Sika at Clements Road
Saturday dawned fine and still, but oh so dry. Silent running was going to be difficult with conditions so dry and crunchy underfoot.
With the morning breeze getting stronger as the sun rose higher I slowly made my way up the ridge. After about 300 metres, a squeal from my left. Frozen to the spot, eyes peeled, but can't see this deer. Just crash crash through the ferns, and it's gone. Bugger.
But, this Sika's squeals prompted other deer around to squeal and give away their position. Another Sika up ahead and to my right, with yet another Sika way off behind me. While trying to get a fix on the closest Sika, it shut up.
Continuing on as quietly as possible and while moving through some ferns, squeal, pause, squeal, then silence. Sounded closer. Hasn't moved far... interesting. Freeze, listen, trying to pick out sounds not drowned out by the incessant noise of circling blow flies. Nothing. Has this animal decided to retreat?
Continuing on slowly. Ahead the trees opened up. Clearing? Slip? Worth investigating for sure.
Easing forward, then a loud squeal from my right. Turning slowly I caught sight of the Sika looking straight across the fern covered gut about 75 yards away, then another squeal. Can't afford to muck around, what can I use as a rest? A slender bare sapling pole was handy so I very slowly raised the rifle, braced against the sapling, clocking the action, cross hairs on the chest, squea--BOOOOM!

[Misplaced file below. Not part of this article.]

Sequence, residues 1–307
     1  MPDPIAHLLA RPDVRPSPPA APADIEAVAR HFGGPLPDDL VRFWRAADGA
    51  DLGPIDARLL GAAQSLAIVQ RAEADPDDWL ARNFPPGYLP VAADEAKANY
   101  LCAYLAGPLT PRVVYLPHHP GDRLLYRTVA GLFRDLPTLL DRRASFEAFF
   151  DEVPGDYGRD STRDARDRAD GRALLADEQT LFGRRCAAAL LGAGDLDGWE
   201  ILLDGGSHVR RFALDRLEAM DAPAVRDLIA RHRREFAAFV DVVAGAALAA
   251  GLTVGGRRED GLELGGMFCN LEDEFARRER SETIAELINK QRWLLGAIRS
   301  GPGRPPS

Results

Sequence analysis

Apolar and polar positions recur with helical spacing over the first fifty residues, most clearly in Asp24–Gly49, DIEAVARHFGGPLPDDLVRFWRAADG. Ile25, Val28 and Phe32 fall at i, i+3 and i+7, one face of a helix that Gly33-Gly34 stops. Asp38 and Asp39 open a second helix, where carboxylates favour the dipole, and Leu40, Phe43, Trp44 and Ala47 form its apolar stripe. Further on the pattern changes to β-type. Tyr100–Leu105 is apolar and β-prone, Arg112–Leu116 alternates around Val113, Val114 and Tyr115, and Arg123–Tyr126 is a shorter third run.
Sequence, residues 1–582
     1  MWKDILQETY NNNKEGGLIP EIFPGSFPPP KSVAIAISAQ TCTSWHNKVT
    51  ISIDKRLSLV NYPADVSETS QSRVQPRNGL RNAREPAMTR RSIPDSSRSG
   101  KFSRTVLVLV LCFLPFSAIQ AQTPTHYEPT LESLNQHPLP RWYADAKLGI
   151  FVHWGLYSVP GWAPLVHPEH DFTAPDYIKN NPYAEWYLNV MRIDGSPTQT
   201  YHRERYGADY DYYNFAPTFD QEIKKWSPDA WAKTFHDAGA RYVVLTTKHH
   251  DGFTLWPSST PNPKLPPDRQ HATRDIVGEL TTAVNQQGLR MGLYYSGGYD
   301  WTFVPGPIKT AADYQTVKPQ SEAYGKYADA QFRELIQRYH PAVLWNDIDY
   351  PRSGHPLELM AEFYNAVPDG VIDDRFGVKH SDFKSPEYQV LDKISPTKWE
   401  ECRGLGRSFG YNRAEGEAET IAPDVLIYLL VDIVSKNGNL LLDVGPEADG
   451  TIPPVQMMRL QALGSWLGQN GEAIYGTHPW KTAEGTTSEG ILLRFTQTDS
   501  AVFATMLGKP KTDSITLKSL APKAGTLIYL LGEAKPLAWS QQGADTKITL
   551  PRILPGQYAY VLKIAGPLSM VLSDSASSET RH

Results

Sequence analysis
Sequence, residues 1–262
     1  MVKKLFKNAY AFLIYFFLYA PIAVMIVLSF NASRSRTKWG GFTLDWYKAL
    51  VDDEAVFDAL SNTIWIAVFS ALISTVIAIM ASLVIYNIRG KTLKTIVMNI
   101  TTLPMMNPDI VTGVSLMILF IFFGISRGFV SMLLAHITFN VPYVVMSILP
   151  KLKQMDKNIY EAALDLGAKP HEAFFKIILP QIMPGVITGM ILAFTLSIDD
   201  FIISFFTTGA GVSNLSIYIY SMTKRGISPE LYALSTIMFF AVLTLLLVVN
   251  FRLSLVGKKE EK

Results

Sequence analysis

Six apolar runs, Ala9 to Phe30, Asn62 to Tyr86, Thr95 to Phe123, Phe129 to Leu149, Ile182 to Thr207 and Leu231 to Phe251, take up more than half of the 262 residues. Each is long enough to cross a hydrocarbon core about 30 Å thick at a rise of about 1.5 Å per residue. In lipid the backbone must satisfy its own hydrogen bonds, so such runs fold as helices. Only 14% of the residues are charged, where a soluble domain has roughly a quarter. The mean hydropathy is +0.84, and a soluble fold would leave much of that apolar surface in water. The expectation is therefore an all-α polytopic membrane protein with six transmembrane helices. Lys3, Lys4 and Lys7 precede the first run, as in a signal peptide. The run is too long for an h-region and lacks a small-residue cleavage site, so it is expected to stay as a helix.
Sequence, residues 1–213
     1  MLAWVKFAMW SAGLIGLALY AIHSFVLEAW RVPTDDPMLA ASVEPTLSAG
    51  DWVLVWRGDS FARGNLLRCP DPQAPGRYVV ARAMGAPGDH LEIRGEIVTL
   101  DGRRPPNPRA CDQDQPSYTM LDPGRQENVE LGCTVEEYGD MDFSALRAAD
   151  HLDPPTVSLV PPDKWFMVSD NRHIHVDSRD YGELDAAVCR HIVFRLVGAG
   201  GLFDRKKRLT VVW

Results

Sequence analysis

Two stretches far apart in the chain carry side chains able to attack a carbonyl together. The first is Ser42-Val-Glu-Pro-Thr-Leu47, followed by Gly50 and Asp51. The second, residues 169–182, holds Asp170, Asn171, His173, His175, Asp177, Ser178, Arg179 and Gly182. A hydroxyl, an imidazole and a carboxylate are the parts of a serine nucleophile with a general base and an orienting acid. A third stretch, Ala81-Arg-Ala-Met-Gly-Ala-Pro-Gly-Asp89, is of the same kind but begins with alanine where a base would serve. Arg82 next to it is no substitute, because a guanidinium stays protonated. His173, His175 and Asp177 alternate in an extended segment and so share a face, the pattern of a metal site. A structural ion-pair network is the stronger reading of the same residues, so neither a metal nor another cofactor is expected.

The Sika dropped out of sight, then I caught sight of some undergrowth moving off to the right, then silence. Staying on point, watching, waiting, still nothing. Time to approach, making my way down the clearing onto a fallen tree trunk serving as a convenient bridge.
Climbing up through clouds of fern dust I broke out onto open ground under the trees. Looking in the direction of that final movement I spotted the Sika hind with it's lovely spotted coat.
Lifting the head I could see the shot hit the base of the neck dead centre. This deer didn't run, it just tumbled a couple of metres. Meat saver shot.
Reached into my backpack for the heavy nylon cord, then selected an overhanging tree branch. With the rear hooves tied I tossing the line over the branch and hauled the carcass up and gutted the deer. Well, if I thought the blowflies were bad before, that was nothing compared to now. Where on earth do they all come from so quickly?
Time for some lunch and let the meat cool, all the time nudging the carcass to keep the flies moving.
How far to the road, how much of a grunt? A quick GPS check indicated about 700 metres. Slicing between the rear leg bone and tendons, then feeding the front legs through the slice I effectively created a pack which was quite comfortably to wear.
Best way out from here? Looks like down hill out the bottom of the gut, then across to the main ridge and back to the road. Easier said than done, but made it back to the road and waiting car at around 3:30pm. After rehydrating it was time to head back to camp to hang the carcass over night to set the meat before boning out.